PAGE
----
Vermont Senator Bernie Sanders out-raised Hillary Clinton in Silicon Valley in the last three months of 2015, despite the fact that Sanders has only campaigned in the area three times and his last visit was back in August of 2015, reports the Wall Street Journal. The Valley is an area where Clinton has regularly campaigned.
From October to December 2015, Sanders raised just over $105,000 from employees at the five largest tech firms in the area. That’s almost $10,000 more than Clinton raised in the same period, according to filings with the Federal Election Commission.
What’s interesting about the level of funds raised, notes the Journal, is that Clinton’s fundraising among Silicon Valley companies has remained steady throughout 2015, while Sanders has only recently experienced a surge in fundraising in the area. This means Sanders is now "turning out donors there who were not previously making political contributions," notes the WSJ.
The nonpartisan Center for Responsive Politics has said that almost half of the top 20 employers donating to Sanders’s campaign last year were technology companies, including Google, Apple, and Microsoft. The Journal notes, however, that most donations to the Sanders campaign from Silicon Valley are from smaller contributions by individuals and not large sums by top Silicon Valley leaders. It reports that fewer than 150 donors gave the maximum $2,700 limit to Sanders in the last quarter of 2015.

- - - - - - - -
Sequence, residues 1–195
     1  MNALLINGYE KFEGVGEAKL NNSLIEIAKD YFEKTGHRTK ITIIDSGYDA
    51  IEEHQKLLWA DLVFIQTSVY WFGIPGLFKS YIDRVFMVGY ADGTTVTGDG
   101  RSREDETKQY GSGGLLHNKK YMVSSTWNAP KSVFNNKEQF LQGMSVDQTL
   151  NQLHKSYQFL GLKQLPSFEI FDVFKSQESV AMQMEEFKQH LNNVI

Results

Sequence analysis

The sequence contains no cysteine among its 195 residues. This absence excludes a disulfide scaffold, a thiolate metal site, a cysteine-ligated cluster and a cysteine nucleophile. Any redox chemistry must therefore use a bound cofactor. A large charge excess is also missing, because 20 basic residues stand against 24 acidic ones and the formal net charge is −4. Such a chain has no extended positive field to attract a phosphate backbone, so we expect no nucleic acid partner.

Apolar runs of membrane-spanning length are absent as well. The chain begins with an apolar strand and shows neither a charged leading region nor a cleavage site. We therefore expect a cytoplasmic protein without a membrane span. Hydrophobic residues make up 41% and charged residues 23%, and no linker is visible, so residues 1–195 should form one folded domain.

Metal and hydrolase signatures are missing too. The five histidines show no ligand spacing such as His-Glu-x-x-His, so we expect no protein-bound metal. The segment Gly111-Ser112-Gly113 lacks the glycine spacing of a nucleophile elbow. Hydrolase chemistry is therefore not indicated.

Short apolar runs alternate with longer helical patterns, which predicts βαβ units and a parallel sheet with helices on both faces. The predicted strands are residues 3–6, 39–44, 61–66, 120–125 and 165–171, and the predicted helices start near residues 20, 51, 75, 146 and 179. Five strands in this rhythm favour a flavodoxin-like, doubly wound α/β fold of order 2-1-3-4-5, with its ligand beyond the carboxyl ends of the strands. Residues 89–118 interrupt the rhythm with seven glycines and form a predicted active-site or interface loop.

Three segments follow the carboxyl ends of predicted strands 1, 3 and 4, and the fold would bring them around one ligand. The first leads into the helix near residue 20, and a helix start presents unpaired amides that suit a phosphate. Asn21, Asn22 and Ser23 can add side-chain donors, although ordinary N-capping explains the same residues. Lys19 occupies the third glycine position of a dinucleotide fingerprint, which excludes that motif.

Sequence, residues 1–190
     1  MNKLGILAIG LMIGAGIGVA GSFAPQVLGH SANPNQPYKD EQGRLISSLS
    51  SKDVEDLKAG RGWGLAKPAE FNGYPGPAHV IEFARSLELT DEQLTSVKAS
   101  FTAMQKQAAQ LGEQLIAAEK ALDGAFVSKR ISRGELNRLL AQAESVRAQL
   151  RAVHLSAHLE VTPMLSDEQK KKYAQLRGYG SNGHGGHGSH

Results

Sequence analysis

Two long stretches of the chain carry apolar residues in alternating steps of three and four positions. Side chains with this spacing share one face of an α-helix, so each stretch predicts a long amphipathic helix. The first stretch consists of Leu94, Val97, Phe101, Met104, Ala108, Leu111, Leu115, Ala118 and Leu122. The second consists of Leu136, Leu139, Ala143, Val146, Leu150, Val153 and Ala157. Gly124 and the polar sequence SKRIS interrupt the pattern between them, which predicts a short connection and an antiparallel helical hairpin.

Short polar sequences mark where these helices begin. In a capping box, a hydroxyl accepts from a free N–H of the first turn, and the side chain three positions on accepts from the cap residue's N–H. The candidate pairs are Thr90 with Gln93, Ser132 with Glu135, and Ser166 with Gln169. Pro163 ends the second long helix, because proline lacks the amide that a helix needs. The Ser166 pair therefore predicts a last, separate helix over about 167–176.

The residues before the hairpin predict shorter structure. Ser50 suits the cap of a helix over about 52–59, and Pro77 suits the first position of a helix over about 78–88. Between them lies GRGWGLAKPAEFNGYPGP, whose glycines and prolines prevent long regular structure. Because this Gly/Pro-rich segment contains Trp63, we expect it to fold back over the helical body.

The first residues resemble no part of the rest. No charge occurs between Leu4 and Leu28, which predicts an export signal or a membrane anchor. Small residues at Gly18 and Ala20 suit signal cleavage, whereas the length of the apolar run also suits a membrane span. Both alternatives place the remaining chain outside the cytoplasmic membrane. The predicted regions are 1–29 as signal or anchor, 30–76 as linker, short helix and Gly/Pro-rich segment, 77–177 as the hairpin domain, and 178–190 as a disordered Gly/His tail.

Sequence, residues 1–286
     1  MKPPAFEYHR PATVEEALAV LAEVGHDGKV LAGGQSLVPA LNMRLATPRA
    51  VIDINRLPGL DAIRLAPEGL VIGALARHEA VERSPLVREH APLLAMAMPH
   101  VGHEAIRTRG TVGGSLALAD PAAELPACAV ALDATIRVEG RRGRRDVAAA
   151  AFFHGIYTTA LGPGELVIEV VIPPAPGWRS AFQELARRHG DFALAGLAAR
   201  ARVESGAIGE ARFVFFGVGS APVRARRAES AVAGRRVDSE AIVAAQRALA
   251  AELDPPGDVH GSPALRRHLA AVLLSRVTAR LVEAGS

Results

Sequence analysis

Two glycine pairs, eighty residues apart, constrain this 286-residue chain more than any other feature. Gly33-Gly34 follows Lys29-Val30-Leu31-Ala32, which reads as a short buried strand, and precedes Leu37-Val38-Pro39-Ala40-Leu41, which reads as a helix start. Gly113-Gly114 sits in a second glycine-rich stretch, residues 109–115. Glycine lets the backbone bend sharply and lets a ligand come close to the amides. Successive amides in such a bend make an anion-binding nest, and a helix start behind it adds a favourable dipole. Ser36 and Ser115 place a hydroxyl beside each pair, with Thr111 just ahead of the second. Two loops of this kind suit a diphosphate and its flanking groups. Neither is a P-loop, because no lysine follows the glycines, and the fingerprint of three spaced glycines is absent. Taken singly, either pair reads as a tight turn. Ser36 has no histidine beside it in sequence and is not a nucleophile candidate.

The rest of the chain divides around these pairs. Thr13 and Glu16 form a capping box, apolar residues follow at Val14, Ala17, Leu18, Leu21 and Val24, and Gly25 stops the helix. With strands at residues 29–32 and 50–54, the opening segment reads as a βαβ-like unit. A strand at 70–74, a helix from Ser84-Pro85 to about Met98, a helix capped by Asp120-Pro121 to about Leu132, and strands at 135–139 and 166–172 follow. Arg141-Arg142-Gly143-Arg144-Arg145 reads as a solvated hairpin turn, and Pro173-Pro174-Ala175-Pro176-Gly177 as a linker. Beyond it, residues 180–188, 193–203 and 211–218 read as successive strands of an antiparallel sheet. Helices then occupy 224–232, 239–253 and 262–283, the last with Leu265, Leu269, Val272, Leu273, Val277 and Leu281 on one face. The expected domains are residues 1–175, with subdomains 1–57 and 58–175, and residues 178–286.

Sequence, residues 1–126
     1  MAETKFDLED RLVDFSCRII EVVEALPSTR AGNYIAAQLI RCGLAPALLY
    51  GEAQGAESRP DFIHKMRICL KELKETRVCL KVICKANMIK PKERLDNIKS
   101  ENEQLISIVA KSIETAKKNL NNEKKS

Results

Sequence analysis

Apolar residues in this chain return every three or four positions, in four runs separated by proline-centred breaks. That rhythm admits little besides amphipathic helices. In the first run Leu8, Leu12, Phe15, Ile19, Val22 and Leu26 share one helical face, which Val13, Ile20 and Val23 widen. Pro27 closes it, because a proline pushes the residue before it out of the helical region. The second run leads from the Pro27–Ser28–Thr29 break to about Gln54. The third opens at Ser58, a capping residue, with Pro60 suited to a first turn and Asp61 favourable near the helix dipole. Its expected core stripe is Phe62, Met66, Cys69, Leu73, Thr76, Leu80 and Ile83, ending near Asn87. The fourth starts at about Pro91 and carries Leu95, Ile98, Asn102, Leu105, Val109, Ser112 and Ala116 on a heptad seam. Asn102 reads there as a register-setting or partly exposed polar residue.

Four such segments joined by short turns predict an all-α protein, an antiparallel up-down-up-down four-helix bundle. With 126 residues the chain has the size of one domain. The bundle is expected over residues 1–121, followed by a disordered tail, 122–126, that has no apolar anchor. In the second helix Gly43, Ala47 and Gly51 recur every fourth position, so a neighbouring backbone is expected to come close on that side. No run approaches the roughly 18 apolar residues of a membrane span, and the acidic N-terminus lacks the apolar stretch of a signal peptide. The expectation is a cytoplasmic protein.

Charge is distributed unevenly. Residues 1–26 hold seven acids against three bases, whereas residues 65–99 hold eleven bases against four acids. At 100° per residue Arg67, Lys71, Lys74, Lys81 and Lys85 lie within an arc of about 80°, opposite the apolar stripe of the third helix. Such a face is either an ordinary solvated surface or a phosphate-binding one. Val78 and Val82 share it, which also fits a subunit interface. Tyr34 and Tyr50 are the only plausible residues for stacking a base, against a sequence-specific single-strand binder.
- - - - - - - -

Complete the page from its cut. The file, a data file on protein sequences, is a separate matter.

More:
Sanders's message about income inequality—an issue that especially strikes a chord in the Bay area, which has seen increased tension between wealthier tech workers and poorer residents—has attracted a surge of supporters, claims Michael Briggs, a spokesperson for the Sanders campaign.
"That’s something that people there are very well aware of," Briggs told the WSJ. "It makes sense that it would be part of the reason that people are drawn to Bernie’s message."
Though residents of the Valley seem to be throwing money at Sanders and Clinton, both Democratic contenders for the presidency, the largely liberal region actually gives more money to Republican candidates than you'd expect, according to FEC data compiled by Bloomberg. While the overwhelming majority of donations from employees at Google, Facebook, and Apple went to Democrats, employees at companies including Oracle, Cisco, Yahoo, and Intel gave a majority of their donations to Republican candidates.
Yet despite the partisan divide, the Journal notes that Sanders's increased fundraising in the area could prove critical to keeping his campaign coffers full in the months ahead as it becomes an increasingly close raise between Clinton and him.